It’s $5 a night for a good camping spot and nice bathrooms for how far you drive into the mountains. The spots are below the reservoir where people were fishing and plenty of cows were grazing and drinking. There’s dispersed camping if you take the dirt road past the old rangers cabin but we found broken glass all over the place so it’s not as clean as the actual campground. Nice spot.
This is a once a year MUST!!!! Free, dispersed camping in the beautiful Flaming Gorge! The drive in is beautiful, the camping is beautiful…don’t miss it. No services, but just a dirt road to get there. Lots of RVs were also using this area! Beach camping, swimming, amazing sunsets…it has it all. We were there in July on a Thursday, many spots were open. Take time to drive around and go down the little side “roads”, that’s how we found our little gem of a site!
This campground is in the National Monument and is along the gorgeous Green River. It has clean flush toilets (lighted at night), potable water, fire pits, picnic tables and a variety of sites. You can camp a few feet from the river or walk a short distance to it’s sandy, rocky banks. Great place for birding, a short drive to the Park Service Visitor Center which is worth spending at least a few hours at! Take the shuttle to the Quarry for an entire bank exposing dinosaur bones and more.
When we arrived the campground was almost empty. There were a handful of folks fishing at the lake but overall it was a very quiet visit. Except for an unusually aggressive cow that decided to yell at my family for 15 minutes or so. Other than that it was great. If you come here, make sure to take the time the drive Red Cloud Loop Scenic Byway. Within a few miles of the campground we saw 4 moose.
This has become one of my favorite campgrounds. What we have learned is that if you will go online and make a reservation (loop B), you can move your reservation to one of the non-reservable loops (A or C) once you get there. So if you find a site on the river or one with more trees in the outer loops, the camp hosts will let you change your site number. I love this feature as it also helps us to avoid noisy neighbors or shadeless sites. The park in general has lots of interesting, educational, and/or scientific sites. Plenty to stay busy plus the added bonus of having a river to cool off in. We have AT&T and had enough 4G throughout the campground to stream a Broncos game with minimal interruptions.
Dispersed camping on the 125 mile stretch of the Green river from Green River, UT to the confluence of the Green and Colorado rivers at Spanish Bottom. We stayed at the BLM sites on the Colorado in Moab the first night. These are all pack in/ Pack out sites so get your “groover” ready. Fires (when allowed) need to be in a fire pan that meets NPS specs. No water so you will need to bring with you. The Green is a silt river and I am sure will clog filters. Stillwater and Labyrinth Canyons are a marvel. Take your time and hop from site to site getting some hikes in. One important note: The BLM sites in Moab are first come first served so if you may need to look for other accomodations on your way out of town. We got back in town late in the evening from the shuttle back to town from Spanish Bottom and weren't able to secure a campsite when we returned.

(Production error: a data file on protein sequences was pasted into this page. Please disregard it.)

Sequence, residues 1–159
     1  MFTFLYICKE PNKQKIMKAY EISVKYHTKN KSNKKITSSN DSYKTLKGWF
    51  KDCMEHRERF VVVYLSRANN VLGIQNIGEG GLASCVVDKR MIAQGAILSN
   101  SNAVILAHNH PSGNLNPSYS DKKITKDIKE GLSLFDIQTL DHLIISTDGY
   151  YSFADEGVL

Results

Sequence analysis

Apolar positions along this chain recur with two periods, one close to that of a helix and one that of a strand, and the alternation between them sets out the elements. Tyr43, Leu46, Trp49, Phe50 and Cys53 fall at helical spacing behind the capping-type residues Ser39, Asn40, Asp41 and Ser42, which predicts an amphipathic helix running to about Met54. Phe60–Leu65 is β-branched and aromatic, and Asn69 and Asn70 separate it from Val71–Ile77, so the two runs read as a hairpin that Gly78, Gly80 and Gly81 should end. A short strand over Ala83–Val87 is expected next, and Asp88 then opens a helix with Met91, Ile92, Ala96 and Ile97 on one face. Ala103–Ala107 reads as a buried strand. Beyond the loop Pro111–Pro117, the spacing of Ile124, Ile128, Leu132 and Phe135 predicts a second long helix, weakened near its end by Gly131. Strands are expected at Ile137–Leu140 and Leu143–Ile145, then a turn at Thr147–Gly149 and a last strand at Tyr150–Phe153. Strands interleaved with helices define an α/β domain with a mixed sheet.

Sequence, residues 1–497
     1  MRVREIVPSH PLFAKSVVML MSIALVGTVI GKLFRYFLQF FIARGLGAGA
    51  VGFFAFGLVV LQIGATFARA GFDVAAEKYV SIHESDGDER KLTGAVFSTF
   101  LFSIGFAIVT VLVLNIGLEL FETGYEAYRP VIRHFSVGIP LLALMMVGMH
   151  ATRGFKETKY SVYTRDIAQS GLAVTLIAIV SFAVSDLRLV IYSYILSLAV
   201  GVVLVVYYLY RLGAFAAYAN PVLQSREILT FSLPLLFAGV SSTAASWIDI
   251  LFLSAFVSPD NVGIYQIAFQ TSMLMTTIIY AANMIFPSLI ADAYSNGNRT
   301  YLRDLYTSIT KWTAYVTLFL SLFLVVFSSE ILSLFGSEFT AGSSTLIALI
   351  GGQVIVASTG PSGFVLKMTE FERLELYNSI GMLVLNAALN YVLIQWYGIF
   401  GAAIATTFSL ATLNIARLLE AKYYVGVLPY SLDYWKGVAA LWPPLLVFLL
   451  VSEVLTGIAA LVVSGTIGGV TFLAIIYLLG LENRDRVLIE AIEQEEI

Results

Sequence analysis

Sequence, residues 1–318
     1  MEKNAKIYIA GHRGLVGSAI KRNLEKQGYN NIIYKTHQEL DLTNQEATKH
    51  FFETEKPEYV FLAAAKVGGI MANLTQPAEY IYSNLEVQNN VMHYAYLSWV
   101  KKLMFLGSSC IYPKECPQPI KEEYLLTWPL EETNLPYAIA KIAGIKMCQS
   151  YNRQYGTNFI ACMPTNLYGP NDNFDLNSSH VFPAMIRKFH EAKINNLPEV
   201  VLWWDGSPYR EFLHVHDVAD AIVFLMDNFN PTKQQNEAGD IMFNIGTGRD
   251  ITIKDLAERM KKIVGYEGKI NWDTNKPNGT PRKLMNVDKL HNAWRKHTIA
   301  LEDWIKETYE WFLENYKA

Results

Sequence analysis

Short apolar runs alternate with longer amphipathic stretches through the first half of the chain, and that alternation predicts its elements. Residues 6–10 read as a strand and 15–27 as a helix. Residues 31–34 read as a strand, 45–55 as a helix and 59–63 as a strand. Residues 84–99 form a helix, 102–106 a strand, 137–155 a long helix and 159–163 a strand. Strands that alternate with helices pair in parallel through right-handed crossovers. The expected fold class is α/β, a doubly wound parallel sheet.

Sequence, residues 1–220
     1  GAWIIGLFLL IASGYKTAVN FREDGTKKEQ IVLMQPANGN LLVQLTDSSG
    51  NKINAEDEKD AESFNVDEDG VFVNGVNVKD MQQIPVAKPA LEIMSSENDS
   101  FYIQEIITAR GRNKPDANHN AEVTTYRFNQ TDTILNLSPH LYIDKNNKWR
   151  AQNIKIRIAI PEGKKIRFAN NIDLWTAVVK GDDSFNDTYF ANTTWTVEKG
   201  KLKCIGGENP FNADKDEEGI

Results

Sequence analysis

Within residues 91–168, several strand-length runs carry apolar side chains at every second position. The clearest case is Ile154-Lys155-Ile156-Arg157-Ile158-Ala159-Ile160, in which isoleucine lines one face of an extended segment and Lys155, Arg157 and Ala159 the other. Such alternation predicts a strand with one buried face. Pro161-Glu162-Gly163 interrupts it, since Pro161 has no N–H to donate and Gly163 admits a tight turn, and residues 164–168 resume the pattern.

I have been camping here for about 30 years and I'm only 30 years old. My family and our camp friends have been going here, year after year, for the great camp sites, fun hiking and most of all, the sublime waterskiing. To keep it fairly brief, the camp sites are mainly situated around a large, open, slightly uneven grass area which is great for tent camping and day activities (volleyball, frisbee, catch, BBQing.) Not much shade from the smaller trees but there are shaded picnic tables for each site. Around that are the RV sites with full hookups. The surrounding tent sites are in a more desert like, sandy area where I haven't spent much camp time. The bathrooms are usually clean and in good working order with running water, but nothing fancy (no showers.) The lake has a plethora of awesome acitivites including boating, kayaking, canoeing, swimming, cliff jumping, fishing and does provide some rentals. We usually try to go during the week as it does get quite busy/crowded on weekends.
Green River Campground is located inside Dinosaur National Monument - on the ‘Quarry side’ of the park, in Utah. It is a short drive from the vistitors center and quarry, and is next to the Green River.
BEWARE: We trusted Siri's directions, and she steered us in the wrong direction - she sent us across the Colorado border and to the ‘Canyon side’ of the park. We saw a sign reading DNM, and passed a visitors center, so we figured we were in the right place - we should have stopped at the visitors center, we may have saved ourselves from getting a little lost. After driving 15 miles or so we came to a stopping point - you needed a 4 wheel drive vehicle to continue down a couple of the roads. There was a sign post with a map, but the Green River Campground was nowhere to be seen. Since we didn’t have 4WD we figured the campground was not accessible through the roads within the park, so we had to backtrack back to highway 40 towards Utah to the Quarry side. Lesson learned - follow the directions on the park's website, NOT SIRI!